One of the challenges facing children with developmental disabilities is simply communicating what they want.
It's frustrating when you can't tell others what's in your head, and as a result, children may turn to more aggressive behaviors. New research conducted by Joel Ringdahl, associate professor in the Department of Communication Sciences and Special Education, is helping children learn new ways to express themselves—and teaching them a preferred way to communicate that they are more likely to retain.
Previous lab studies have found that animals retain responses better when they are reinforced in a particular way. Ringdahl's study is innovative because it is building on those findings to explore how different interventions with problem behavior in children have more resiliency than others.
"If you teach a child to request a reinforcer in a particular way, what we're finding is that when we discontinue reinforcement, they will keep asking—and that's what we want to happen," says Ringdahl. "We are looking at how our behavior is affected by our environment and what we can do to create appropriate behavior that is more resistant to change—more persistent—and will be less likely to repeat the undesired behavior because of the treatment."
For children who are non-verbal, for example, this might mean they continue to sign their request, hold up a card, or use an assistive technology device. Ringdahl says once a child finds the communication method that is most preferred for them, this strategy is often more resistant to change if the treatment is challenged.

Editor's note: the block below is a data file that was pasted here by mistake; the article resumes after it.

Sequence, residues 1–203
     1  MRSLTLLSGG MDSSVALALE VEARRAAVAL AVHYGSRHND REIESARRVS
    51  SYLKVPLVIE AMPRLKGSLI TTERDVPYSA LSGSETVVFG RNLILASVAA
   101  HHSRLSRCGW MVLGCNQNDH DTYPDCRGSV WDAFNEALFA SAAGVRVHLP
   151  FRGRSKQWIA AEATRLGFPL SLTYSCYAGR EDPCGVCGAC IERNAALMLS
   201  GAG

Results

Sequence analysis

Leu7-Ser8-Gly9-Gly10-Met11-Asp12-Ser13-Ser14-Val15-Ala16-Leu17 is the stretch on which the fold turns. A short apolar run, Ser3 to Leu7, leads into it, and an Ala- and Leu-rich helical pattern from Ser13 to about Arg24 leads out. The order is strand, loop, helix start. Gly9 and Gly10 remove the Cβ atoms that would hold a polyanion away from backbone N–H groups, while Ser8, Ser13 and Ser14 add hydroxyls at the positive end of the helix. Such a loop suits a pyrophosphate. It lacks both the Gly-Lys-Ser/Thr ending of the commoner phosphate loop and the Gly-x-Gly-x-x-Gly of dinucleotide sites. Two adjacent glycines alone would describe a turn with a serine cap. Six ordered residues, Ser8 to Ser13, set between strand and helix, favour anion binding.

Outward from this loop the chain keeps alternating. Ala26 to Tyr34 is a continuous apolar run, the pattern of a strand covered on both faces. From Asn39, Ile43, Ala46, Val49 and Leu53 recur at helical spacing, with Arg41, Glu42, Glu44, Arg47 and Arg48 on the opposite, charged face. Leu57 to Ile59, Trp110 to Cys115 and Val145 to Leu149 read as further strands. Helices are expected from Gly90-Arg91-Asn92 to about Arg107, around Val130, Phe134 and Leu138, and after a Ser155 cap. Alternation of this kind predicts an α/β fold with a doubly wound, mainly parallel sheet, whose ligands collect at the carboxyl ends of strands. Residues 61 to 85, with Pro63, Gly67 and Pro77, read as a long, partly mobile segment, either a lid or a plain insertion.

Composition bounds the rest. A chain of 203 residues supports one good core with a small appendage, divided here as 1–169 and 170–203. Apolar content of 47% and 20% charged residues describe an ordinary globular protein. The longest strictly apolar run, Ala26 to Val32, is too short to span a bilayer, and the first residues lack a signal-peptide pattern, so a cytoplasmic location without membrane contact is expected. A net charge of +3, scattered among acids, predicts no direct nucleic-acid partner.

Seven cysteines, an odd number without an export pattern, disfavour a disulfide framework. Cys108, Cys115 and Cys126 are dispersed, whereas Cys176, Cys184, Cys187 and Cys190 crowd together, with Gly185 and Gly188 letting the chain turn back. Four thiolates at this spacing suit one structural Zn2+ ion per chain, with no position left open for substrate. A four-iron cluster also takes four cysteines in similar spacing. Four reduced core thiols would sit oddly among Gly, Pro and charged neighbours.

"We can't just pick a communication method out of thin air and think it will work. Instead, if we take some time to assess what strategy the child likes better, that's going to be the strategy that provides more maintenance of the treatment," he adds. The research supporting preferred communication methods was the subject of previous papers by Ringdahl and his research team.
Ultimately, the work done by Ringdahl—which is part of the College's Center for Autism and Behavioral Education Research—will help children better communicate not only with teachers and caregivers but also with those who are unfamiliar with a child's communication method.
"For example, if a child engages in a request with a babysitter, but the babysitter doesn't honor it, we don't want the child to stop asking and revert back to the problem behavior," Ringdahl adds. "When the parents come back, we want the child to still be asking. That is where the innovation is."
Related links: Department of Communication Sciences and Special Education